Facebook CEO Mark Zuckerberg and Twitter CEO Jack Dorsey faced another round of questioning in front of the Senate Judiciary Committee.

A few moments stuck out to me: Sen. Da Nang Dick Richard Blumenthal (D-CT) told Zuckerberg to ban Steve Bannon and Dorsey admitted it was a mistake for the platform to ban The New York Post‘s story on Hunter Biden’s laptop.

Blumenthal Wants Zuckerberg to Ban Bannon

Former White House Strategist Steve Bannon got in hot water on November 5th when he said he wants the heads of Dr. Anthony Fauci and FBI Director Christopher Wray on the White House lawn.

Blumenthal cannot understand why Facebook hasn’t censored Bannon. What Bannon said was gross, but not a crime.

From The New York Post:

“Steve Bannon in a Facebook Live video called for beheadings of Dr. Fauci and FBI Director Wray for not acting more favorably toward President Trump,” Blumenthal said. “How many times is Steve Bannon allowed to call for the murder of government officials before Facebook suspends his account?”

Zuckerberg said that “the content in question did violate our policies and we took it down. Having a content violation does not automatically mean your account gets taken down.”

The Facebook CEO said people who post terrorist content or child porn lose their accounts for a first offense, but that “for other things it’s multiple.” Zuckerberg reportedly told his staff last week that Bannon has not committed enough infractions to justify banishment.

“Will you commit to taking down that account, Steve Bannon’s account?” Blumenthal pressed.

“No, that’s not what our policies would suggest that we should do in this case,” Zuckerberg replied.

Dorsey and The New York Post

Dorsey addressed Twitter blocking The New York Post‘s story on Hunter Biden. However, he once again said the company blocked the story “pursuant to a 2018 policy against spreading hacked materials.”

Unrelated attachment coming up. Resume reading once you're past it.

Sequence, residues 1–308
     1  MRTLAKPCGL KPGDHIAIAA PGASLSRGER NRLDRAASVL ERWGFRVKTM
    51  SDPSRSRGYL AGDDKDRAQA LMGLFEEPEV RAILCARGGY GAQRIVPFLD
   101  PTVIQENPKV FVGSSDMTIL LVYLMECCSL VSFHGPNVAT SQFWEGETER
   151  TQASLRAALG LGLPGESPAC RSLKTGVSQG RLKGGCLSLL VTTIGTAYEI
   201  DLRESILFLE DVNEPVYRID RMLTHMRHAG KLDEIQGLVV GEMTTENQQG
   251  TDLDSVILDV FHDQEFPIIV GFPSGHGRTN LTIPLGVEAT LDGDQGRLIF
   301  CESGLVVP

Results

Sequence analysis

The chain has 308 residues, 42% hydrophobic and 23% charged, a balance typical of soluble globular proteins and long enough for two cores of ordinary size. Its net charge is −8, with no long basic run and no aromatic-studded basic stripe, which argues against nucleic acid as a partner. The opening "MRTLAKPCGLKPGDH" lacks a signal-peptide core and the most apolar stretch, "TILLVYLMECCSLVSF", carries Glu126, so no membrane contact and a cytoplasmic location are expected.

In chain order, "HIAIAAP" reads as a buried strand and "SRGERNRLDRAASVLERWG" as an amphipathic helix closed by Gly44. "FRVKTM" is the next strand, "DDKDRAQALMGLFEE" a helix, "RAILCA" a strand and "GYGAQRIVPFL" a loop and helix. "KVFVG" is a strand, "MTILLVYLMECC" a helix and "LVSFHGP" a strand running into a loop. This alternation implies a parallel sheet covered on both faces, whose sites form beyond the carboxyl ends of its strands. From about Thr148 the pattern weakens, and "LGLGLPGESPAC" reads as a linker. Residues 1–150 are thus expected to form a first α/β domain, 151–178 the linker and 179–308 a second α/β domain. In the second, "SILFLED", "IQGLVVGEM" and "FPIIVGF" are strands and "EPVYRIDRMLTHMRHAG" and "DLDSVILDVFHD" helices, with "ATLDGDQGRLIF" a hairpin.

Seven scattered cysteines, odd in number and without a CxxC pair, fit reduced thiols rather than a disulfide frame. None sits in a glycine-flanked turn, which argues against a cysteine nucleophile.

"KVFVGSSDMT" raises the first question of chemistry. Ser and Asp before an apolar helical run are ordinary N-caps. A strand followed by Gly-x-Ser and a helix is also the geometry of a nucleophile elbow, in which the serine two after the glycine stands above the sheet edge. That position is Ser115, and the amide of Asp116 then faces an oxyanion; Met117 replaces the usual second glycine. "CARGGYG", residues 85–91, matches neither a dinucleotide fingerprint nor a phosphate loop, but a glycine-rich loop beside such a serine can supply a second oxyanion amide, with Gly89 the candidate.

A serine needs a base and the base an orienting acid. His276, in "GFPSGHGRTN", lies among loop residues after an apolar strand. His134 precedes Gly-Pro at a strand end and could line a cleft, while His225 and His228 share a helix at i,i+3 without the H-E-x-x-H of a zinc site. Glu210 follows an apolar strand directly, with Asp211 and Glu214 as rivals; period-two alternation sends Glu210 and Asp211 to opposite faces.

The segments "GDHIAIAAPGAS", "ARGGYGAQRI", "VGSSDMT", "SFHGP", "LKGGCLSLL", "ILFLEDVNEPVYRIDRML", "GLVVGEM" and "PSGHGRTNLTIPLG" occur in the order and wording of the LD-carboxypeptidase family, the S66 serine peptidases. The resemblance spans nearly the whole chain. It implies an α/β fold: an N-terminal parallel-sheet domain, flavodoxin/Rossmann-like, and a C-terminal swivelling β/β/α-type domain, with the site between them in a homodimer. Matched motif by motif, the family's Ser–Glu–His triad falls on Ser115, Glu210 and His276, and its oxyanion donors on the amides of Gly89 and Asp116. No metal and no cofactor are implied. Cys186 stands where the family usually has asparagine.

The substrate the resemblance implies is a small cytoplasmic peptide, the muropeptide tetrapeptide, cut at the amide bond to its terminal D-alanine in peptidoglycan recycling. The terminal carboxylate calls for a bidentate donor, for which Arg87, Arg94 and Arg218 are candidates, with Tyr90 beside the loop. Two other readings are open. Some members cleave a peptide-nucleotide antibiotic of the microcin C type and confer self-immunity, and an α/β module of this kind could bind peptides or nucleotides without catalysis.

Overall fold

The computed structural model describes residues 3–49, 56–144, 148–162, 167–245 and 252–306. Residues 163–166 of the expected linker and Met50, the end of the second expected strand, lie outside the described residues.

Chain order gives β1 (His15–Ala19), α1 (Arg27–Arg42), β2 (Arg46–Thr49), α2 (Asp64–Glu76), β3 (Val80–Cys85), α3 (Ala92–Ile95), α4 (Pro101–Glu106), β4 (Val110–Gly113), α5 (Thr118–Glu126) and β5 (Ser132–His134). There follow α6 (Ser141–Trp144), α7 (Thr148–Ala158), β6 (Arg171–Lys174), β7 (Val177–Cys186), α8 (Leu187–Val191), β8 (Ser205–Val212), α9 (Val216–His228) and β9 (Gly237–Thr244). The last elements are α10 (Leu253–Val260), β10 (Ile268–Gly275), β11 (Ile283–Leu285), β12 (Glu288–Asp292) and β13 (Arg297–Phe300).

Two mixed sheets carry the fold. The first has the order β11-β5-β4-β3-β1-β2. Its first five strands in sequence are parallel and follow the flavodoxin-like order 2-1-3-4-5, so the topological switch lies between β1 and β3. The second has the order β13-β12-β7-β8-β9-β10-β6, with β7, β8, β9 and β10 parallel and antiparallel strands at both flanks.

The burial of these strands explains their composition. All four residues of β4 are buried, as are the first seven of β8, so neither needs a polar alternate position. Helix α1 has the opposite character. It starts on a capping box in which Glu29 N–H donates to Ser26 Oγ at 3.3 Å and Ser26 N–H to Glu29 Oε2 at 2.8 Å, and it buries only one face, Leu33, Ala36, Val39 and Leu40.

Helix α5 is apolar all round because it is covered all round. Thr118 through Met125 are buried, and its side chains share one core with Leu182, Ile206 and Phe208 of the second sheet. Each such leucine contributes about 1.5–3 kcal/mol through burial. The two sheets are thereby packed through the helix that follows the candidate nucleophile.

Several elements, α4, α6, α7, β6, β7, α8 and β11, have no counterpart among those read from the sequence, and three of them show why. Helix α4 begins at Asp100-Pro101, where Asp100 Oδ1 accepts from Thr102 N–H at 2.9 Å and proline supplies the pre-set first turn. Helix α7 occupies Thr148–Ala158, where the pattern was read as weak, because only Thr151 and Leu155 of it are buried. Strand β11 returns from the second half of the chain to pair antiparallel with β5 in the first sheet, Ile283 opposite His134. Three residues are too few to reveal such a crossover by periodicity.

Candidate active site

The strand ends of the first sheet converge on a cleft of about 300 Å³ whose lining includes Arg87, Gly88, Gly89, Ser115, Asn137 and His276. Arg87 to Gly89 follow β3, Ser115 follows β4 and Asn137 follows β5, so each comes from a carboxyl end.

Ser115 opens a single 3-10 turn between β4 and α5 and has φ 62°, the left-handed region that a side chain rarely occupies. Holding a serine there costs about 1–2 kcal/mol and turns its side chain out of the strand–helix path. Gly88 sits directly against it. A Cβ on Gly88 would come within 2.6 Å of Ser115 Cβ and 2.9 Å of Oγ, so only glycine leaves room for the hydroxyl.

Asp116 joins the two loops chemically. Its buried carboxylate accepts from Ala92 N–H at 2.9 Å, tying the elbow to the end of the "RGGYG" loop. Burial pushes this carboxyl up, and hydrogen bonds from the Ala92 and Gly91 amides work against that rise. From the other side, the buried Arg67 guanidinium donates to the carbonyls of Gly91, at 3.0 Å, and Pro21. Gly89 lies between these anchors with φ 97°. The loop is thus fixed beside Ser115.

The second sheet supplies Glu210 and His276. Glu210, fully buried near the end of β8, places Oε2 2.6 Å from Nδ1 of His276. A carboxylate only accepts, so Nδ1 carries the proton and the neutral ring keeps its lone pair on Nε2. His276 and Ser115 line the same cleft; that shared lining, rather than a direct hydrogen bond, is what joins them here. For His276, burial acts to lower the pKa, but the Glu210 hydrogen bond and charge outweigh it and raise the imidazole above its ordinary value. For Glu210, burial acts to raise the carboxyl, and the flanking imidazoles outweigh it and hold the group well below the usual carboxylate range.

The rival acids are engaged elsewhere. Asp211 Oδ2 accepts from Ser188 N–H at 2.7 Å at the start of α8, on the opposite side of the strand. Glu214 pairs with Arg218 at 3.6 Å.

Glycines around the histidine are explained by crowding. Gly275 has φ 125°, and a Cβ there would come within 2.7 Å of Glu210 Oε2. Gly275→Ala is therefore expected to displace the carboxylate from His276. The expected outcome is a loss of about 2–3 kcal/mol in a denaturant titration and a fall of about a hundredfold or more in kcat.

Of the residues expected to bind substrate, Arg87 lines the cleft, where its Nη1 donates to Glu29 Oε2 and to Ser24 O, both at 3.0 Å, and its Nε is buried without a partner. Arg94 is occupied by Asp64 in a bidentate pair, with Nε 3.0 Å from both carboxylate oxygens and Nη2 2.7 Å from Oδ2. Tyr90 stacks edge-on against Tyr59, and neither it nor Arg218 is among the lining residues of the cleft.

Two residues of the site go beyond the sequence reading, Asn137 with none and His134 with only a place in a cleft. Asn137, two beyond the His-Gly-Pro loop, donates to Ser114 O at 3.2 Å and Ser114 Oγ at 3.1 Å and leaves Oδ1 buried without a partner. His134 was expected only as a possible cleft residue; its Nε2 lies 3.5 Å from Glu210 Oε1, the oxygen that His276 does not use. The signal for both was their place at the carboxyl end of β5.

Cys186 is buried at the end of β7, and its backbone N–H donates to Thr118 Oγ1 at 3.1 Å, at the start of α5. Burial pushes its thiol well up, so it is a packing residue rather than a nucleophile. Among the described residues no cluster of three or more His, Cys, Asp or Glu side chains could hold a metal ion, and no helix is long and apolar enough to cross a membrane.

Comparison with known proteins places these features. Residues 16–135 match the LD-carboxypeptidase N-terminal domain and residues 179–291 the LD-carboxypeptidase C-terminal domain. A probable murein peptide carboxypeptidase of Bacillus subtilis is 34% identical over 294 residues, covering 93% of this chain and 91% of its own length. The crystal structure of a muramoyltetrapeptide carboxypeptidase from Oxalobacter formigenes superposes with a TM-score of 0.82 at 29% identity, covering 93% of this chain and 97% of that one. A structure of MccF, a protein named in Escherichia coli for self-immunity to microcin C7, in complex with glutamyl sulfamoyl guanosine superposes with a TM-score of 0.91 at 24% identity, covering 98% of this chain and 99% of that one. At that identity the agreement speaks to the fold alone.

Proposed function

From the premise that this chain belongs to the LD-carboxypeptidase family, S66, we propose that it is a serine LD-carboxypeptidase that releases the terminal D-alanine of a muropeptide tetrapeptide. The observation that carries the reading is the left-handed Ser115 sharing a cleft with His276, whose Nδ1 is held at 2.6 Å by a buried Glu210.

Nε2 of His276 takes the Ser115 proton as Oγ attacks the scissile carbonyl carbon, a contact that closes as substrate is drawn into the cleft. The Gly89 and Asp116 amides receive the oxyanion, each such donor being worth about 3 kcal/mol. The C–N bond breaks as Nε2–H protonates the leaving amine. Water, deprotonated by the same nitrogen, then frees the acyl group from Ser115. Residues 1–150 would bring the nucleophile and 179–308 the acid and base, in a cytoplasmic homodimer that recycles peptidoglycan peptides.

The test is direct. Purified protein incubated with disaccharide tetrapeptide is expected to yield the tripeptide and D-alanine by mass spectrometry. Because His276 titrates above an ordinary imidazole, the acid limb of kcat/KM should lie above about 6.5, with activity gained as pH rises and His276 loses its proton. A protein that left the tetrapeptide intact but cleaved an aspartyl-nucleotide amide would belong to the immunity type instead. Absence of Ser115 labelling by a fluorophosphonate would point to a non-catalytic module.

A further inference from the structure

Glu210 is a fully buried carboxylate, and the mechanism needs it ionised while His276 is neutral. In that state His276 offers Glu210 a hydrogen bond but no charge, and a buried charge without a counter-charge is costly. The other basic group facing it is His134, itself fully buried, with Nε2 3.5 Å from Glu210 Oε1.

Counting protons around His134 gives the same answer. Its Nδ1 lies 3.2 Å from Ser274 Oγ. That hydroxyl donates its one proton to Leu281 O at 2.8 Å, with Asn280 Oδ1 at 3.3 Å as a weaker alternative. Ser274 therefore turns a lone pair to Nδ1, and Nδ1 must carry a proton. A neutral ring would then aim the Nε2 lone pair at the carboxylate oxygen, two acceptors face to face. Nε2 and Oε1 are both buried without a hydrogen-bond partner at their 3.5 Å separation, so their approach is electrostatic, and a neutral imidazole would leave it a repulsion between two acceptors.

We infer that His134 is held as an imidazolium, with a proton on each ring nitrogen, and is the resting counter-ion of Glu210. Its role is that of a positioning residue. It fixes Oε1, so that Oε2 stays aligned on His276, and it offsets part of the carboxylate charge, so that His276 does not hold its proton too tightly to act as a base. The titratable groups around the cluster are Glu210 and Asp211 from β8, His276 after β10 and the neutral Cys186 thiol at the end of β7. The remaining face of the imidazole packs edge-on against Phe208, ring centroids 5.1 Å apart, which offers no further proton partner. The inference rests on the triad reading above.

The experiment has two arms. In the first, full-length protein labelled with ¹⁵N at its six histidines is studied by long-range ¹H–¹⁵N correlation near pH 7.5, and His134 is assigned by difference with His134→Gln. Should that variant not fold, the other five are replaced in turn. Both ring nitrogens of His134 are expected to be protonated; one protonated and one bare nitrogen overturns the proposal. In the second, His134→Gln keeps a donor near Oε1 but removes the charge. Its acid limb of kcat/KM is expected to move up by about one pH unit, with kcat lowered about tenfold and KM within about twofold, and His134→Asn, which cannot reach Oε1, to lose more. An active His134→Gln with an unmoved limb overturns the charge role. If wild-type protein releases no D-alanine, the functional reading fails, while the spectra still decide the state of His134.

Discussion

Except nobody hacked anything.

Chairman Lindsey Graham blasted Dorsey:

“There are rules about what a television station can do. There are rules about what a newspaper can do,” Graham noted. “And what I want to try to find out is if you’re not a newspaper at Twitter or Facebook, then why do you have editorial control over The New York Post?”

“They decided — and maybe for a good reason, I don’t know — that the New York Post articles about Hunter Biden needed to be flagged, excluded from distribution, or made hard to find,” he continued, adding, “That to me seems like you are the ultimate editor.”

Graham concluded, “The editorial decision at The New York Post to run the story was overridden by Twitter and Facebook in different fashions to prevent its dissemination. Now, if that’s not making an editorial decision, I don’t know what would be.”

Sen. John Cornyn (R-TX) asked Dorsey if he realized that by banning the story it received even more attention.

From Fox News:

“We made a quick interpretation using no other evidence that the materials in the article were obtained through hacking, and according to our policy, we blocked them from being spread,” Dorsey testified. “Upon further consideration, we admitted this action was wrong and corrected it within 24 hours.”

Dorsey went on to say that Twitter told the Post how they could unlock their account by deleting their tweet with the article, and that they would be able to then tweet it again. The Post instead pushed for Twitter to reverse their decision to block them in the first place. Dorsey said at the time they did not have a process for doing this.

“This incident demonstrated that we needed one and so we created one we believe is fair and appropriate,” he said.

 

 
donate
Donations tax deductible
to the full extent allowed by law.